The excitement for the Podshow channel notion passed quickly for me. Instead of offering me a real tool of control, it offered me a leash. (Checking in on it quickly today confirms that its stuck to that same model.)
It’s kinda like a cable company that only lets you record the television programs that the company wants, rather than any program that airs.
(And yes: I’m aware that this is actually what they do, and pointing out that it’s offensively nonsensical…)
I think this user-control issue is one of the limits on podcasting, one that hasn’t really been solved. With iTunes being now the de facto podcatcher standard, there is no competition in this market, and even more market confusion than ever before.
It frustrates me, because I can see how much better it could be!
The one good thing is that the Smart Playlist feature of iTunes is relatively sophisticated, and I can create mock channels of podcasts for playback management. In particular, I have a playlist which captures an unheard subset of the podcasts that I wish to check in on daily. I have another playlist which is manually managed, and the other smart playlists will check to see if I’ve already scheduled the podcast episode to be heard.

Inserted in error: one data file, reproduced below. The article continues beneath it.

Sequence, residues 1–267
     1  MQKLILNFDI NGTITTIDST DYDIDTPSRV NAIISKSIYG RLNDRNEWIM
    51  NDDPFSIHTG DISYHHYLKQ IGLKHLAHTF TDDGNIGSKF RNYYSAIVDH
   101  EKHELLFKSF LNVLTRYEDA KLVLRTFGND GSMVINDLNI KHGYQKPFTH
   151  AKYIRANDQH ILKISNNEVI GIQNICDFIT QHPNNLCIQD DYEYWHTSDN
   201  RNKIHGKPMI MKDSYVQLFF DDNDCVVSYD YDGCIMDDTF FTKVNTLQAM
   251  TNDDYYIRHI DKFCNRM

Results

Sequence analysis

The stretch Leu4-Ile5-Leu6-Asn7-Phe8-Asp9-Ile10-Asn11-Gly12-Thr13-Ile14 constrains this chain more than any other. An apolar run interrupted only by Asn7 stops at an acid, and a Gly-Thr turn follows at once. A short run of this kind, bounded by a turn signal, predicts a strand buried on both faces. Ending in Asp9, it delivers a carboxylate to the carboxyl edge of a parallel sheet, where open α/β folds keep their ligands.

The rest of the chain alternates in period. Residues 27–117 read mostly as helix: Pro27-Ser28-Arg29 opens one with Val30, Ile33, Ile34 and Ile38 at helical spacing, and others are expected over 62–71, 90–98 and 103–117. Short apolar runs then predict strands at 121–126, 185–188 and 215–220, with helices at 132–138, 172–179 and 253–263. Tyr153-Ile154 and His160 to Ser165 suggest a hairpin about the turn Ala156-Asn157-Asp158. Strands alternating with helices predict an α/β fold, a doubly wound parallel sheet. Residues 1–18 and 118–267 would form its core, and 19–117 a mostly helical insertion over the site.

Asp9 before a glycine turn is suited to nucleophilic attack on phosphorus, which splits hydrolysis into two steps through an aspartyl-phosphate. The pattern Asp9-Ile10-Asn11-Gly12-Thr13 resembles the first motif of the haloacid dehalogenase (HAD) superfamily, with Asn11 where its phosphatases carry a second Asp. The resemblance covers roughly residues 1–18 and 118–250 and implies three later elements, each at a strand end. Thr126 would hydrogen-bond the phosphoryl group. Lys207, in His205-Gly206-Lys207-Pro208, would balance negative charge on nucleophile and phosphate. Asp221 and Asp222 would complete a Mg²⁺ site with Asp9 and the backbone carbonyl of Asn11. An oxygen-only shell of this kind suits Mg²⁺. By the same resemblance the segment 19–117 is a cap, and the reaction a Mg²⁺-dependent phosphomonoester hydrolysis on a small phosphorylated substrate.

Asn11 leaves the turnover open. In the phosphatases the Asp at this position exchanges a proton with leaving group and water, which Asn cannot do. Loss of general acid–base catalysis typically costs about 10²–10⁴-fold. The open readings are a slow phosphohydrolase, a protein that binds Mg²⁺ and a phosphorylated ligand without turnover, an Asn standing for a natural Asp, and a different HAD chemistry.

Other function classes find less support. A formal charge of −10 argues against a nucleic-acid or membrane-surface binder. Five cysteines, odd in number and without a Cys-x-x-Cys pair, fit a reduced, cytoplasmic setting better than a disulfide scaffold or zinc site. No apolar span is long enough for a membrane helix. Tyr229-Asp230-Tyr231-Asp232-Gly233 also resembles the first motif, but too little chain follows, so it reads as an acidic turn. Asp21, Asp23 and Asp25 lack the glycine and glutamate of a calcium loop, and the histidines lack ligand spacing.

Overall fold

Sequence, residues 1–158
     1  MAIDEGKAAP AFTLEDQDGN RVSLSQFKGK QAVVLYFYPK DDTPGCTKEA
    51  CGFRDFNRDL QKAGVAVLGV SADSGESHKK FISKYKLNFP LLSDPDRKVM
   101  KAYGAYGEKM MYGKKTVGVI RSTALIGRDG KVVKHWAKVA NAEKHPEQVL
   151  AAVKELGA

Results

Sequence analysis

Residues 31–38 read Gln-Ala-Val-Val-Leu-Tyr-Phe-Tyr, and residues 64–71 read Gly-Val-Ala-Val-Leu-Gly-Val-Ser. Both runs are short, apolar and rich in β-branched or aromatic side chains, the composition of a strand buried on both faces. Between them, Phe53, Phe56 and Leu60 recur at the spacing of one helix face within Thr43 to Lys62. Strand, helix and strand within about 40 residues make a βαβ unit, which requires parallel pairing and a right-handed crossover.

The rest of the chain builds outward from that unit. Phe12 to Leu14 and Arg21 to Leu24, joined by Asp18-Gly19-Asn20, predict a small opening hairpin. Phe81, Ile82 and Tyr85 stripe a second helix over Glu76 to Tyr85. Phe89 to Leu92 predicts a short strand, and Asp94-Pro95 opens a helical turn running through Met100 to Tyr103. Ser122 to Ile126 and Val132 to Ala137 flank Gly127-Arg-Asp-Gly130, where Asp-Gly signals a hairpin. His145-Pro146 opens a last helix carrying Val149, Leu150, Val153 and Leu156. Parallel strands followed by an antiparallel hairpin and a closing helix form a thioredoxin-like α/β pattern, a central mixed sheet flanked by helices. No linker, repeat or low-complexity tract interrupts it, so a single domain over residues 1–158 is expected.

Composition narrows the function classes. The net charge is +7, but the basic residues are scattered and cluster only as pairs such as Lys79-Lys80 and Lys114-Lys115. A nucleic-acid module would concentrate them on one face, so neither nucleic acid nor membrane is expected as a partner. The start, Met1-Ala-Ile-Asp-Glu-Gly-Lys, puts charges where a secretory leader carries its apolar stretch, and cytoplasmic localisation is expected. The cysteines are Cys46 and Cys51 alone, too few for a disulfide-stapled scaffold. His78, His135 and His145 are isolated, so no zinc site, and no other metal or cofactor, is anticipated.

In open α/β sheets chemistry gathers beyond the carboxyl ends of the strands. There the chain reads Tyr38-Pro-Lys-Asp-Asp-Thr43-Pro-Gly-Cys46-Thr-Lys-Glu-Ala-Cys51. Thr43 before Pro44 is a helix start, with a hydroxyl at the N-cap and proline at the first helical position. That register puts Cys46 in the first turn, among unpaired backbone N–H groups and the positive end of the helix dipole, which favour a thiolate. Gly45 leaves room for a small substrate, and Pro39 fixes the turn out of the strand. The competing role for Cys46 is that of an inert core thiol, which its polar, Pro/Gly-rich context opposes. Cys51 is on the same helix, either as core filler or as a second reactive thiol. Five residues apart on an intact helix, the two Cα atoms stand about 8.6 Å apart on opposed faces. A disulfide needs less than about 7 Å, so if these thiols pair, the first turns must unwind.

In this way, I can create a pseudo-channel, albeit a primitive form of the real notion I’m grasping for.
I fear I’ve reached the end of my wind for this article, but I hope I’ve given you something to ponder. As is tradition, here are some specific questions to ponder:
- How many podcasts do you subscribe to? In my case, the number fluctuates, but generally remains between 100 and 200, with a peak at well over 300.
- How do you organize your podcasts? Or more accurately, how do you organize your podcast listening?
- Do you separate your podcasts by “kinds”, such as “podcast book”, “serial drama”, “daily news”, “weekly”, “evergreen”?
- Does the “channel” notion make any sense when applied to podcasting? How would you define “channel”, in an ideal podcasting world?
- What other podcatchers do you use? I know of Juice/iPodder, but that seems stalled. What would you want in a podcatcher, from a consumer’s perspective? What about from a producer’s perspective?
- I’ve given a short view of the channels as offered by Podshow (now Mevio). Care to defend them? Expand upon the description or point out their benefits? I’m quite willing to expand my learning, and admit to not having looked deeply at them again.